Instead of helping seniors and New Yorkers with disabilities gain access to reliable transportation, a review of the MTA’s Access-A-Ride program found that it has been a costly debacle for the city and thousands of residents.
City Comptroller Scott Stringer released an audit Tuesday that revealed widespread mismanagement by the MTA in the Paratransit program, which provides services, mandated by the Americans with Disabilities Act, for passengers who cannot use public buses or subways.
“There’s a reason Access-A-Ride passengers call the service ‘Stress-A-Ride,’” Stringer said. “When Access-A-Ride leaves customers in the lurch, they may miss medical appointments or risk being late to work.”
Among its findings, the audit discovered that Access-A-Ride buses or cars left residents stranded more than 31,000 times last year, while the MTA reportedly failed to monitor and correct any issues that arose.
Last year Access-A-Ride provided services — for which the MTA paid $321 million — to more than 144,000 residents in the city, totaling about 6 million rides yearly.
“Access-A-Ride is absolutely essential for thousands of people to get around New York City every single day, yet this program stranded thousands of people, wasted millions of taxpayer dollars and caused untold harm and distress,” Stringer said. “After years of mismanagement, it’s on the MTA to take action now.”
The MTA delivers service for the program through a network of 16 companies, which then offer services using MTA Paratransit Division-owned vehicles and for-hire vehicles, which provide transportation to ambulatory passengers.
In response to the audit, an MTA spokesman said that although “every single customer is important,” the reported 31,000 no-shows amount to less than half of 1 percent of total trips.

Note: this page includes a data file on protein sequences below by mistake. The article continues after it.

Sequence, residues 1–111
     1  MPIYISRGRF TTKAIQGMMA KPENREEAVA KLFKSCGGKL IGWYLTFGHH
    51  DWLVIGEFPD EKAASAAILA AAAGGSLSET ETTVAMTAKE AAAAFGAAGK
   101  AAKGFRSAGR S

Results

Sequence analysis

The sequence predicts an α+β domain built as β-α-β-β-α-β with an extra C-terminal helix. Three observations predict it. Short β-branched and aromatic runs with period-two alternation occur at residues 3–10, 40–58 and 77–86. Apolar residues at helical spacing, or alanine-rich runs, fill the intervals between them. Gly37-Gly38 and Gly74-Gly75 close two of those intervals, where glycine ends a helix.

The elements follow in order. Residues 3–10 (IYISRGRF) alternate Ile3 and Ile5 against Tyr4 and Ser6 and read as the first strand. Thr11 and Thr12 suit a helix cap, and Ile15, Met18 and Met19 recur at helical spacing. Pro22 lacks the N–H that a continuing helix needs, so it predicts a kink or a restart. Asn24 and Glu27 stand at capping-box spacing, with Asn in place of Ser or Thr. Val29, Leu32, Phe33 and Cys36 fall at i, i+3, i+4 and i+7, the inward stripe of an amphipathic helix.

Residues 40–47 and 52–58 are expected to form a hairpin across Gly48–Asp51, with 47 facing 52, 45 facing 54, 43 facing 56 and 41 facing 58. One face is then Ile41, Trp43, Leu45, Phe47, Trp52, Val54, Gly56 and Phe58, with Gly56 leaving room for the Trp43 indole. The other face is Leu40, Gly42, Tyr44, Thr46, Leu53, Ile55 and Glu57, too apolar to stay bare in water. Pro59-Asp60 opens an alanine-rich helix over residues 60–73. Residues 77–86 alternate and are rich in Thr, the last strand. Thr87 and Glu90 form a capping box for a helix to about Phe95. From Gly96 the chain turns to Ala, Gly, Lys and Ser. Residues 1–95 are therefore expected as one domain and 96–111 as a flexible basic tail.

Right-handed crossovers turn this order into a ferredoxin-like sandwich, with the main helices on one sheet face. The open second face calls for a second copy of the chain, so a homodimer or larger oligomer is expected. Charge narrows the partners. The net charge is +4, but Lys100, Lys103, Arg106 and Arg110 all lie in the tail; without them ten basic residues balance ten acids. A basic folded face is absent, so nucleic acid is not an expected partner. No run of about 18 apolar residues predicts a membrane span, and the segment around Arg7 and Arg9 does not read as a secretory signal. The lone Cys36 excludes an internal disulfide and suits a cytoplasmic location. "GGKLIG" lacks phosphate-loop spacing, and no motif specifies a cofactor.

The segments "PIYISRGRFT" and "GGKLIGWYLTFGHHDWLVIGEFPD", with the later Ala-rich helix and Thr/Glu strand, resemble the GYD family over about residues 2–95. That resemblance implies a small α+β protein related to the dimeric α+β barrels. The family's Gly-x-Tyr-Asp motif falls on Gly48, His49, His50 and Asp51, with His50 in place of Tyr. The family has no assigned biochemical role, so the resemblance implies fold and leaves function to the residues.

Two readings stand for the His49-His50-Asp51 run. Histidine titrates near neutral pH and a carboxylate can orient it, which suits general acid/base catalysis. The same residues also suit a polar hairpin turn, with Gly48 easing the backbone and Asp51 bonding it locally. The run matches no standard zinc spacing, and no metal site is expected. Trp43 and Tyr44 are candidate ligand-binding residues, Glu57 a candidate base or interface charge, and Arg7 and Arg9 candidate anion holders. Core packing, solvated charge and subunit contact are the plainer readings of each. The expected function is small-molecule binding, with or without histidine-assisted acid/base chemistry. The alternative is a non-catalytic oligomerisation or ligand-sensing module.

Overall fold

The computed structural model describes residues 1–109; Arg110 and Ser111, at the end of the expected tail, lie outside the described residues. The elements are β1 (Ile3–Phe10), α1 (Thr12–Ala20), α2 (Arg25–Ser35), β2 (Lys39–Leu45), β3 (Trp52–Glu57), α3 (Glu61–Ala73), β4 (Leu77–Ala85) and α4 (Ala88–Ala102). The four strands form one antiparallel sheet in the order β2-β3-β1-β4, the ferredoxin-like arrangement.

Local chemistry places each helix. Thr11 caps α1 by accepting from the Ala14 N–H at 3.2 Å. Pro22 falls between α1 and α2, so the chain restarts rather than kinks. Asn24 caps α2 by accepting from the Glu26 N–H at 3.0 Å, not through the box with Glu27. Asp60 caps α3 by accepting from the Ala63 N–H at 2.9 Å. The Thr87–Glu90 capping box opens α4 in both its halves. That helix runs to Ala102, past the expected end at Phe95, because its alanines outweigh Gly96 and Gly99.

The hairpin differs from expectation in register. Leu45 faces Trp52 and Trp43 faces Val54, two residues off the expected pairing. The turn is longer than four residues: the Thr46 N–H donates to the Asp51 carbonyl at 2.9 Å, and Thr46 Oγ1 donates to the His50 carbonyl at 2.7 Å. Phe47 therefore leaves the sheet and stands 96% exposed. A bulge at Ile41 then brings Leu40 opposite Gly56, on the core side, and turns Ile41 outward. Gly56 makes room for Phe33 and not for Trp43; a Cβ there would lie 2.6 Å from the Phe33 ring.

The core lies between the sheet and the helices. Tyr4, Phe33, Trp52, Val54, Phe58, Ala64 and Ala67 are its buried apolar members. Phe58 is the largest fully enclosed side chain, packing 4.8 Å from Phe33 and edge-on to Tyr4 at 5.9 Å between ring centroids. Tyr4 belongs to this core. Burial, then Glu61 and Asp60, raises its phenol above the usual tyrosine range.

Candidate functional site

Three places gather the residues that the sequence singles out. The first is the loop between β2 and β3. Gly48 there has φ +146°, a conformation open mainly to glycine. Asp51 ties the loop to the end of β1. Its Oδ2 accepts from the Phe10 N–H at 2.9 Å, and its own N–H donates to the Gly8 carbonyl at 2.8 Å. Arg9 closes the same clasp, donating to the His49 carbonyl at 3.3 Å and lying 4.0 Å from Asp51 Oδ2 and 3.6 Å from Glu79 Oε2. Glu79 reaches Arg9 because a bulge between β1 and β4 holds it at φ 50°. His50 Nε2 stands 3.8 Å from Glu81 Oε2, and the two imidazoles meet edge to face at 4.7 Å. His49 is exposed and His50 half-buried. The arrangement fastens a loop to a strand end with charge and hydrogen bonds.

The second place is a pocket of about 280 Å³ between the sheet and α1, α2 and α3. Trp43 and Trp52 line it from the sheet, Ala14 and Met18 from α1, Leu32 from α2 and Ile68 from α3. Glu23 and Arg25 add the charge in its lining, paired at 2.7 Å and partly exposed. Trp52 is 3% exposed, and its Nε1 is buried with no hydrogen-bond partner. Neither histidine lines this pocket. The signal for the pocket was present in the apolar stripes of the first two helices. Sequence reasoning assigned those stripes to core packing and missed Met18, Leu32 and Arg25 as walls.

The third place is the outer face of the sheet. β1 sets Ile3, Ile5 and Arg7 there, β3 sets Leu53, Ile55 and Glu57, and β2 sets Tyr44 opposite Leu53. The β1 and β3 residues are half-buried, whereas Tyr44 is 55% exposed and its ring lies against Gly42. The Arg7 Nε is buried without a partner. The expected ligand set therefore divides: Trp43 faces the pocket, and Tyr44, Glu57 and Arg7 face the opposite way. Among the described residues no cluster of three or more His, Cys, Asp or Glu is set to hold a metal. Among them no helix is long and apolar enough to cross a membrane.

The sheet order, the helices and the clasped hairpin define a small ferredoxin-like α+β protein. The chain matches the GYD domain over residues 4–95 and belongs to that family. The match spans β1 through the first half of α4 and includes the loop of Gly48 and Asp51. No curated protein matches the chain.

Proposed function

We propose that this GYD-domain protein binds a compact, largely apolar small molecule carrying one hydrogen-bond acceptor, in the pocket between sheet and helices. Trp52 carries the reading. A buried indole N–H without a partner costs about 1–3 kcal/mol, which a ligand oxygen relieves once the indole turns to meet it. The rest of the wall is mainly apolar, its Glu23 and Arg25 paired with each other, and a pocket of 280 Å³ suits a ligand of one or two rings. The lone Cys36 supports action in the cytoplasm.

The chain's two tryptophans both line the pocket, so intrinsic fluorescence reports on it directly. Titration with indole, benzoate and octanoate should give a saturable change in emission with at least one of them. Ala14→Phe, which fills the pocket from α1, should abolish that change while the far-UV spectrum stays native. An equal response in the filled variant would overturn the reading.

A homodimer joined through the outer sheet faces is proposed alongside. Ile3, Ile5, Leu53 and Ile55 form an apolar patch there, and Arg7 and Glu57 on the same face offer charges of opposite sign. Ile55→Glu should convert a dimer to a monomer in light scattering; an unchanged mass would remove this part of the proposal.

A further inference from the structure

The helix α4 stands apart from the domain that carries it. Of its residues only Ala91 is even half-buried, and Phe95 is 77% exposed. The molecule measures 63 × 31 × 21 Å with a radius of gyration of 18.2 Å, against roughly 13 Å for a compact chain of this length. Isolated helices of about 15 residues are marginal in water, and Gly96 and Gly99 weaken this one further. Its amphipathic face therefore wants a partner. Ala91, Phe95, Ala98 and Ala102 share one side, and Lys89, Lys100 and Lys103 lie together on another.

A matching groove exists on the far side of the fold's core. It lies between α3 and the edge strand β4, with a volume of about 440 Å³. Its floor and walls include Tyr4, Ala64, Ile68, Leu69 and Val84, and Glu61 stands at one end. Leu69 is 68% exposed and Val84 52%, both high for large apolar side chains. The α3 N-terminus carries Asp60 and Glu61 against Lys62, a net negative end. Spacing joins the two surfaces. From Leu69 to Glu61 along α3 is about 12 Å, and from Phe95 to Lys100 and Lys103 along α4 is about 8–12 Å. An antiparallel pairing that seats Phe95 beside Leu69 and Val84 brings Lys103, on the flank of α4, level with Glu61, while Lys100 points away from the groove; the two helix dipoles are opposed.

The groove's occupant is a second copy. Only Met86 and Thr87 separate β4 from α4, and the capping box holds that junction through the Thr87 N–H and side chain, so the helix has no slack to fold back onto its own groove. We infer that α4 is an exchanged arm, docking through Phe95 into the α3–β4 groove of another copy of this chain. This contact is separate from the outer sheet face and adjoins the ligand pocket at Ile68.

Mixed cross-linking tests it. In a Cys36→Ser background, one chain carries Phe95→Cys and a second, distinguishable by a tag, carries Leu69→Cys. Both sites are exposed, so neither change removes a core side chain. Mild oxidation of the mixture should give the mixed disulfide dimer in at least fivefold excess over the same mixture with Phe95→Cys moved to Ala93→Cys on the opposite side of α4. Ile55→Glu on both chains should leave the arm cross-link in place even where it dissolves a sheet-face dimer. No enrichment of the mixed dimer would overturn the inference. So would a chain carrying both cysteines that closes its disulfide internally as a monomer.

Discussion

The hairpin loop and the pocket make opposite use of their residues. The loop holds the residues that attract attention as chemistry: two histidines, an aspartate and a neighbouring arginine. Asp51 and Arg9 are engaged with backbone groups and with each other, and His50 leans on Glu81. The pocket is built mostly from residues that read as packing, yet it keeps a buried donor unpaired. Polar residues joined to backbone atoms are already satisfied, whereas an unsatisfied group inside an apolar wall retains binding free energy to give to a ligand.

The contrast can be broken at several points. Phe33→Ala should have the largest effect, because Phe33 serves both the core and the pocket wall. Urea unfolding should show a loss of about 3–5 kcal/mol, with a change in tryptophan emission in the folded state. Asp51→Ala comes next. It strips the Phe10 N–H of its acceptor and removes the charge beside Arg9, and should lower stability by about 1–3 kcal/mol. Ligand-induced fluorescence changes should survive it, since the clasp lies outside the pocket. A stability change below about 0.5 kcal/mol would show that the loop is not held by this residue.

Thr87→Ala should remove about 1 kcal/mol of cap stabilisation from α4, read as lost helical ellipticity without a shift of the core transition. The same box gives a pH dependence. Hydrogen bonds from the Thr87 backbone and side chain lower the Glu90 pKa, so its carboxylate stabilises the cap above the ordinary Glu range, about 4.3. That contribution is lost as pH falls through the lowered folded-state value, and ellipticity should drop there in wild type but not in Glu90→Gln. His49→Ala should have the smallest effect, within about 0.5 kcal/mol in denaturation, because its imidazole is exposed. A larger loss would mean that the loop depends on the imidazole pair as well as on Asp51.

“Every ride is important to us. Even though we carry 6.3 million per year, one missed ride is one too many, which is why we are constantly striving to improve the service, management and cost controls of this important program,” the spokesman, Kevin Ortiz, said. “We will continue to enhance our efforts to improve contractor performance, so that our customers receive safe, reliable, timely and cost-effective service.”
According to the comptroller’s audit, the service providers blamed the customers for the no-shows although an MTA review found that the contractors were likely responsible for 40 percent of those incidents. The agency however only assessed $12,000 in penalties last year.
The review of the program also found that through examining pickup and drop-off time, it is possible that service providers may have manipulated over 2.5 million electronically recorded times to improve their “on-time performance data.”
Close to three-quarters of the time, providers misrepresented or had no data that would confirm when customers were picked up. And although vehicles are required to have GPS systems installed, the review found the MTA routinely failed to use such technology to determine if the vehicles actually showed up to their destinations.
As result, the audit found that because of the lack of GPS data, the MTA may have paid close to $130,000 for services that never occurred. In 2015, customers filed 4,771 complaints about no-show vehicles, but the MTA deducted only 586 returns for taxi rides taken when vehicles didn’t show up.
At the end of the audit, Stringer made recommendations, including making sure all vehicles are equipped with GPS technology and that the system is activated when vehicles are in service; use GPS data to evaluate performance; take corrective action against service providers that inaccurately report trip and vehicle data, and consider finding new car service providers or alternatives.
“In a city that prides itself on its diversity, tolerance and accessibility, the Access-A-Ride program is an affront to all New Yorkers,” Stringer said.
Ortiz, the MTA spokesman, said the agency is currently improving its monitoring of contractors’ pickup times, with the goal of having 100 percent compliance with providing GPS data for reporting by December.